Did he really think he was safe?
Where do we start, not only is the ladder balanced precariously, it’s a wooden ladder, and the person’s clearly not heard about 3 points of contact. In fact the whole photograph goes against legal requirements and guidelines on how to work safely with ladders.
Legally, ladders can be used for work at height only when a risk assessment has shown that “using equipment offering a higher level of fall protection is not justified because of the low risk and short duration of use; or there are existing workplace features which cannot be altered.”
The HSE’s guide on the Safe use of ladders and stepladders says that ladders should only be used in situations where they can be used safely, for example where the ladder will be level and stable – clearly not the case here. It also goes on to say that where it is reasonably practicable to do so, the ladder can be secured.
Anyone using a ladder must be competent, which means they should have had proper training and instruction, and should understand how to use the equipment safely. If the user is being trained then they should be supervised by someone who is competent.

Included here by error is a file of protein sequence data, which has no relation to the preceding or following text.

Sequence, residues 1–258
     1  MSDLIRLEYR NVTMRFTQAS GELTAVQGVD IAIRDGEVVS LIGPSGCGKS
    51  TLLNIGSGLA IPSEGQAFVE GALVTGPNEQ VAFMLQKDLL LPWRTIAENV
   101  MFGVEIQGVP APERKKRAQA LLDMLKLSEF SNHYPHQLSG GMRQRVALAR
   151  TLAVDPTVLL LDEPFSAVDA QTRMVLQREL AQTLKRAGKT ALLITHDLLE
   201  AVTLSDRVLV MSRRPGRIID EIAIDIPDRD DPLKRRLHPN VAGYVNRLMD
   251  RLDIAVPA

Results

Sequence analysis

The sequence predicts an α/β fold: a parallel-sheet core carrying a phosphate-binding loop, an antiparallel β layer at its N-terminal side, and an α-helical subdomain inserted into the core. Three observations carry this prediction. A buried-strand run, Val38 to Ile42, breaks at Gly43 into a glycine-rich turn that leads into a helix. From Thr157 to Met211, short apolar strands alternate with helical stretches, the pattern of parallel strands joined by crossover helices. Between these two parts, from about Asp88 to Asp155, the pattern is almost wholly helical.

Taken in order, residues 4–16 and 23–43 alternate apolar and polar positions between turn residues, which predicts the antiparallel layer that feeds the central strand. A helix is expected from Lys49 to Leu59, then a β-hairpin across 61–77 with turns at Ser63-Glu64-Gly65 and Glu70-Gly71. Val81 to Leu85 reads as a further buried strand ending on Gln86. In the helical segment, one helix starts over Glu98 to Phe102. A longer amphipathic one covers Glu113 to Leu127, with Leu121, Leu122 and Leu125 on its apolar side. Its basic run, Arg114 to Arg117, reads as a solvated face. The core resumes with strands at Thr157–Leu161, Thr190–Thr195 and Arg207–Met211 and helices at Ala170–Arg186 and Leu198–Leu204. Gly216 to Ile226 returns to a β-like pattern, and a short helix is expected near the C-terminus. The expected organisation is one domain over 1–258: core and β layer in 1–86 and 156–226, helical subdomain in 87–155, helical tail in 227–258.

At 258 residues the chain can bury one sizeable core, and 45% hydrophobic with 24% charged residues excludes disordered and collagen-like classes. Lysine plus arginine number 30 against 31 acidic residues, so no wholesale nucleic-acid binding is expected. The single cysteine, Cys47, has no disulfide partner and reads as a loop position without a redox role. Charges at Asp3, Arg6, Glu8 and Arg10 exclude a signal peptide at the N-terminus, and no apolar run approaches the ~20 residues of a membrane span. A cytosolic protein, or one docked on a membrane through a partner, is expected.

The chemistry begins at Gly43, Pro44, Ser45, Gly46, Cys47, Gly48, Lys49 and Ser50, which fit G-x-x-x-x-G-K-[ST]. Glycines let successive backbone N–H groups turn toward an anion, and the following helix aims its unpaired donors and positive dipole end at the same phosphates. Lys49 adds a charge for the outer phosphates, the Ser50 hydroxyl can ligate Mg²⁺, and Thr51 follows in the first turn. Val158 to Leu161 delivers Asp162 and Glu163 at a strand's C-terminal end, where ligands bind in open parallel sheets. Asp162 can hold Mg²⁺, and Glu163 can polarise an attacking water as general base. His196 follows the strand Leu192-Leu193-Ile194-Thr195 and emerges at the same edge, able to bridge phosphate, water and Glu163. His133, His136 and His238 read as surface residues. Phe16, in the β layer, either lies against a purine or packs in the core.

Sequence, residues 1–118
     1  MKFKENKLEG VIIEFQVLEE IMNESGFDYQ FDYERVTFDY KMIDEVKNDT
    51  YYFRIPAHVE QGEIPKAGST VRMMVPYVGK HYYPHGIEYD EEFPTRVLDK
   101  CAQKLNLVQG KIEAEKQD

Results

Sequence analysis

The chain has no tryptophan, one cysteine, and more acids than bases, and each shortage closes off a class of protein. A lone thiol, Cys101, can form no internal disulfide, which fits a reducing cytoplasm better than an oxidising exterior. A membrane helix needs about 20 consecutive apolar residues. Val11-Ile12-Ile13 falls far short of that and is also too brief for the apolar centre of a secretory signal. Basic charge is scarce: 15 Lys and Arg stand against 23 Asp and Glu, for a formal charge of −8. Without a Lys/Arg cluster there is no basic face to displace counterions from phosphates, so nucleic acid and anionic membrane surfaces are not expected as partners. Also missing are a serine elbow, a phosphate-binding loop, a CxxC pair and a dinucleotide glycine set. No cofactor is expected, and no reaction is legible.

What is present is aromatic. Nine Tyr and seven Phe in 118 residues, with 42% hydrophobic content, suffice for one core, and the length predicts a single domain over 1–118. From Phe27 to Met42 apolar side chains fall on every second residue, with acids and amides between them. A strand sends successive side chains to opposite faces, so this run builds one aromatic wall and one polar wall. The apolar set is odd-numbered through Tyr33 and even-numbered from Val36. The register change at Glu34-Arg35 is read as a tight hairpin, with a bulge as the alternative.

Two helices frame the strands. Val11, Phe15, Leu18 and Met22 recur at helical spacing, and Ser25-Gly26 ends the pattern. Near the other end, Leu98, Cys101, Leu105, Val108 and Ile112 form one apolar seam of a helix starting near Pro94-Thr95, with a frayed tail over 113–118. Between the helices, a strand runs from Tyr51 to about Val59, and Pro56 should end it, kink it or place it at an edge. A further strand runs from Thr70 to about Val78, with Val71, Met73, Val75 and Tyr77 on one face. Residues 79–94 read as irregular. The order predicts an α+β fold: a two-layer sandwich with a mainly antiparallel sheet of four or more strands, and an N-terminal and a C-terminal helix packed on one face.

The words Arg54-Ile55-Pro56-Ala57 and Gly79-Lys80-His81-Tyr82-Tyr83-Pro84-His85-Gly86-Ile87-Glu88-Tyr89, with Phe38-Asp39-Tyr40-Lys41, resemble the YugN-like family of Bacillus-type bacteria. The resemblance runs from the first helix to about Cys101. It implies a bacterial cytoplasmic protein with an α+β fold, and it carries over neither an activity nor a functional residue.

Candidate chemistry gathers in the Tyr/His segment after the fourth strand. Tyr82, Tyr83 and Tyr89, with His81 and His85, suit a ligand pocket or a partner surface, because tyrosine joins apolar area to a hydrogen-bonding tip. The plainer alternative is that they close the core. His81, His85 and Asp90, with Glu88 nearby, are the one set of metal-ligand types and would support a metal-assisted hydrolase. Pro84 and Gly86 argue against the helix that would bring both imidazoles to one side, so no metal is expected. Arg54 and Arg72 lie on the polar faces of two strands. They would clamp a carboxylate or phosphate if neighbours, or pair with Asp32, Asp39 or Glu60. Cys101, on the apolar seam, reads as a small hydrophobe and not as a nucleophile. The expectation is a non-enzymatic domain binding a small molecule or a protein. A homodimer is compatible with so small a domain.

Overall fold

We may laugh when we see photographs like this and marvel at how anyone could believe that they’re working safely, but the truth is people like this are extremely lucky if they don’t fall or have a serious accident. It is estimated that there are over 2 million ladders used daily in the UK and that over a third of all fall from height incidents involve ladders and stepladders.
If a ladder or stepladder are being used, then companies have a duty to ensure those using the equipment are competent to use the ladder or stepladder and that the equipment being used is suitable for the task. Companies must also organise, plan and supervise the work appropriately.
If you are, or are planning to use a ladder or stepladder and need to discuss safe use, please call us on 01767 691812 or email: [email protected]